Origin/ Local – Referred pain – Trigger points – Muscle spasms – Phantom pain – Edema – Inflammation- Hernia prevention

Sexual intimacy is not discussed openly in a lot of societies. Men, Women, including Teenagers and Seniors can have problems:

  • Inability to consummate relationship due to pain, miscues
  • Erectile Dysfunction
  • Timing Incoordination
  • Muscle Spasms
  • Pain prior to penetration
  • Pain During and After penetration
  • Scarring
  • Inflammation
  • Frequent Infections from intercourse

You can discuss these issues with us and we can help you work on one step at a time.
Also see link to a research recruitment that is being done in Canada:

Abdominal and Gastro-Intestinal Pain

The Digestive Tract is a long pipe made entirely of muscles and soft tissues. At each level there are different components of digestion taking place. The tract, made of smooth muscles, can contract/ relax to allow for normal motility and to facilitate the digestive process as food is moved down and converted to nutrition or to waste products. Any problems along the pipe is like "traffic jam", affecting normal flow and causing backed up, muscle spasms, reducing digestive function.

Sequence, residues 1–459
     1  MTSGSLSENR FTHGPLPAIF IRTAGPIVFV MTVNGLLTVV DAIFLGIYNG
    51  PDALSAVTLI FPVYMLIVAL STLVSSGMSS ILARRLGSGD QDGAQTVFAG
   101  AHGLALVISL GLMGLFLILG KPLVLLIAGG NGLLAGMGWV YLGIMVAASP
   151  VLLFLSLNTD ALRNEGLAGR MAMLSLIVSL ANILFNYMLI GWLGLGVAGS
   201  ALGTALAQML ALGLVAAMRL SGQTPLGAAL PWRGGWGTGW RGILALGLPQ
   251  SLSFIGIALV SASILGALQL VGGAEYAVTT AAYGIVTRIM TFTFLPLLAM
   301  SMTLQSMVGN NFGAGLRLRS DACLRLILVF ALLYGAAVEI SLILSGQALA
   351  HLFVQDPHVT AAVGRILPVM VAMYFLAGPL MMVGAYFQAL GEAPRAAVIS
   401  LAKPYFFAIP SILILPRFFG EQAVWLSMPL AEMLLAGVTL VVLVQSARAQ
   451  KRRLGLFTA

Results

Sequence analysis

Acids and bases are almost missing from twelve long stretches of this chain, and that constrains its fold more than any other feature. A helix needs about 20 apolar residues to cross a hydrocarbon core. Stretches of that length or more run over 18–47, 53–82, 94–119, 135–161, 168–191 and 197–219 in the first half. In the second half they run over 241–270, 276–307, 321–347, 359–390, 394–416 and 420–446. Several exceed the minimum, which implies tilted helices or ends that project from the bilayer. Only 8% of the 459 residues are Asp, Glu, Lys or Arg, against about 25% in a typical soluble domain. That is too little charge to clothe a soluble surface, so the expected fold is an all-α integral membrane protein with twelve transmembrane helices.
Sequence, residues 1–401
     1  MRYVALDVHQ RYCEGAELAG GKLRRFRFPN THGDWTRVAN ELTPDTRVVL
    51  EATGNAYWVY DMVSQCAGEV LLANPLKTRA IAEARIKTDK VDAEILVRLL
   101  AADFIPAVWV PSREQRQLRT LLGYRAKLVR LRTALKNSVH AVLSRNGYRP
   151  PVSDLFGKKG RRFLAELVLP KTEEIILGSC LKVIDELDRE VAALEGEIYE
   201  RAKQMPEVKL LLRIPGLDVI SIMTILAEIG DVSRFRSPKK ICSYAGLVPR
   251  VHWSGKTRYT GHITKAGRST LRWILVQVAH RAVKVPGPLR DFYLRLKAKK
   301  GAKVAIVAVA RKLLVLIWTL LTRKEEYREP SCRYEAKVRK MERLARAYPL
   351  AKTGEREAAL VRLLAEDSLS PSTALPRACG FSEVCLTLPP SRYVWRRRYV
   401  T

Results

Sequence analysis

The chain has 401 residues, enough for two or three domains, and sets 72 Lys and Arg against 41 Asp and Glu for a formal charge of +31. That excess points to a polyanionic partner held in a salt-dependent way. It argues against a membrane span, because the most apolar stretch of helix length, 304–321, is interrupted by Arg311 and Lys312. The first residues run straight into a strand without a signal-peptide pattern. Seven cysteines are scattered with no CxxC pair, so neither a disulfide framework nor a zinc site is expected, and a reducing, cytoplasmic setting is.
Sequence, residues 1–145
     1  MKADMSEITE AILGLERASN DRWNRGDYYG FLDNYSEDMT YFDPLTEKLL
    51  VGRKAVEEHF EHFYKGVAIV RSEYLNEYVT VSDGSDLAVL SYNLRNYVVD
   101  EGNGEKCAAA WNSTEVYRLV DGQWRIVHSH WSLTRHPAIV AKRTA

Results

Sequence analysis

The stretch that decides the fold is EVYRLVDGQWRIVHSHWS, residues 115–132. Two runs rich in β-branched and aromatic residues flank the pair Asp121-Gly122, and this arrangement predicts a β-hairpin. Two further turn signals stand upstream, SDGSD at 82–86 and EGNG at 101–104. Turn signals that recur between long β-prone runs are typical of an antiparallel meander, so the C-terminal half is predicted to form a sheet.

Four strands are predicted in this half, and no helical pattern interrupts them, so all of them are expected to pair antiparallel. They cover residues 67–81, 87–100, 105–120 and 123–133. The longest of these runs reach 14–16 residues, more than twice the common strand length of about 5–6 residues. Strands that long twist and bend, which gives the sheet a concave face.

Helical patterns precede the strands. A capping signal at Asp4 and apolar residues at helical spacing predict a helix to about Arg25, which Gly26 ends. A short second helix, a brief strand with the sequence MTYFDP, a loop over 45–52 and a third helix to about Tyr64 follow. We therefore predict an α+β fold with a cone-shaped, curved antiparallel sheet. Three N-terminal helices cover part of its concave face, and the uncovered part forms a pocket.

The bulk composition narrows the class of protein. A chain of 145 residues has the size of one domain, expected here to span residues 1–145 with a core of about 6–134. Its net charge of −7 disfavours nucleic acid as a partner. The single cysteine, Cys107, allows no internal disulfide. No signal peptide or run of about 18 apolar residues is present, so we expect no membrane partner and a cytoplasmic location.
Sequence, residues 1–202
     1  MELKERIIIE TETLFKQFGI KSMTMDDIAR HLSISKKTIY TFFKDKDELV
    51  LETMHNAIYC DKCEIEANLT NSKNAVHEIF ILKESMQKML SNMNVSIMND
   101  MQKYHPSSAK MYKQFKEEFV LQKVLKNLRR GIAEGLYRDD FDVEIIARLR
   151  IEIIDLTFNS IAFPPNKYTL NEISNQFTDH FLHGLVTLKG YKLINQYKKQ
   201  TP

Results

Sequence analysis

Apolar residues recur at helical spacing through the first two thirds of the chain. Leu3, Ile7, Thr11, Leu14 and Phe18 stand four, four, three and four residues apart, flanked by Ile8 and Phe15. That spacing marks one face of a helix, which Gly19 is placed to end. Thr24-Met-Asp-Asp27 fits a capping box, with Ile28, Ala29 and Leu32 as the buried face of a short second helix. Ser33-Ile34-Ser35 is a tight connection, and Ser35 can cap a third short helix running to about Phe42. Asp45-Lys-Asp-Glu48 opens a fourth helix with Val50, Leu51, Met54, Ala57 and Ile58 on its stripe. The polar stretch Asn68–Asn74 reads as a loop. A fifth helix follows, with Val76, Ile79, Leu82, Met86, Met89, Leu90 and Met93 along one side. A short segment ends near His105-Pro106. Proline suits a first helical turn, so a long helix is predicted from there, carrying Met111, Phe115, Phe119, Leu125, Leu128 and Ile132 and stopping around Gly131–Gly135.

Imagine a processing factory with many unhappy or unhealthy workers. Disruption of flow at any stage will result in problems. Imagine Lucy and the Chocolate Factory!!! Or Charlie Chaplain! In these cases, there are clumsy or uncoordinated comedians lurching around. In real life, there can be blockages, adhesions, spastic muscle contractions (cramping), or pressure from bloating, etc. For someone having pain, this is no joke. We have to find out which sections are problematic and why, then help give you proper treatment.

The fascia protect and cushion the organs. Surgical procedures can form scar tissue and adhesions blocking flow. Myofascial and visceral manipulation can help improve normal muscle mobility and digestive motility, improve nerve and vascular flow, then in turn reduce pain.